*Cross-posted at Forbes’ On the Docket
Clarity and predictability in the law are essential elements for any economic system built on free enterprise.
Decisions to create new companies, invent new products and services, and invest time and money are all contingent on knowing which of the thousands of federal, state, and local laws and regulations apply, and how they apply. Justice Stephen Breyer made this point in a February 23, 2010 opinion on what constitutes a company’s “principal place of business,” Hertz v. Friend. Writing for a unanimous Supreme Court, Breyer noted, “Predictability is valuable to corporations making business and investment decisions.”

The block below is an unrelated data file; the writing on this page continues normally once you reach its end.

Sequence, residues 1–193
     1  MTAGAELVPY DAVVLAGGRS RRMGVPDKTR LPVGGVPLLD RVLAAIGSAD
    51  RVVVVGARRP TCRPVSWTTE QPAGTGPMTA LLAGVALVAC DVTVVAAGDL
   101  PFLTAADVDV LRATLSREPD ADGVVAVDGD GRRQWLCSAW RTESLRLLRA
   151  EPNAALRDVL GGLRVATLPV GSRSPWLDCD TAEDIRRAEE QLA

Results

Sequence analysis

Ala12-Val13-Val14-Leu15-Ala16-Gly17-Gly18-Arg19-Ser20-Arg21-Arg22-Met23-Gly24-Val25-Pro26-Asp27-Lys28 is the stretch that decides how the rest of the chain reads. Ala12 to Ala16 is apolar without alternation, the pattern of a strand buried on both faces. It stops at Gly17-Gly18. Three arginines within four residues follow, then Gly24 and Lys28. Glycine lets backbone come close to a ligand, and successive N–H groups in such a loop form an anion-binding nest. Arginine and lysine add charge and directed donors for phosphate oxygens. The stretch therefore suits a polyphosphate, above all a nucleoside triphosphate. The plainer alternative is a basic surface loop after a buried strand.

Individuals and businesses that choose to formally register their copyrights, regretfully, don’t benefit from such valued predictability. With its May 25 decision in Cosmetic Ideas Inc. v. IAC/Interactive Corp. (described at law.com), the U.S. Court of Appeals for the Ninth Circuit exacerbated an already deep split in the federal circuits over the fundamental issue of when a copyright is deemed “registered.” The matter at stake: when can a plaintiff assert copyright infringement claims in court: the date they submit the application, or the date the U.S. Copyright Office formally grants registration? Two circuits, the Tenth and Eleventh, consider a copyright registered when the Copyright Office acts; the Fifth, Seventh, and now the Ninth with Cosmetic Ideas, say it’s when the application is submitted. Continue reading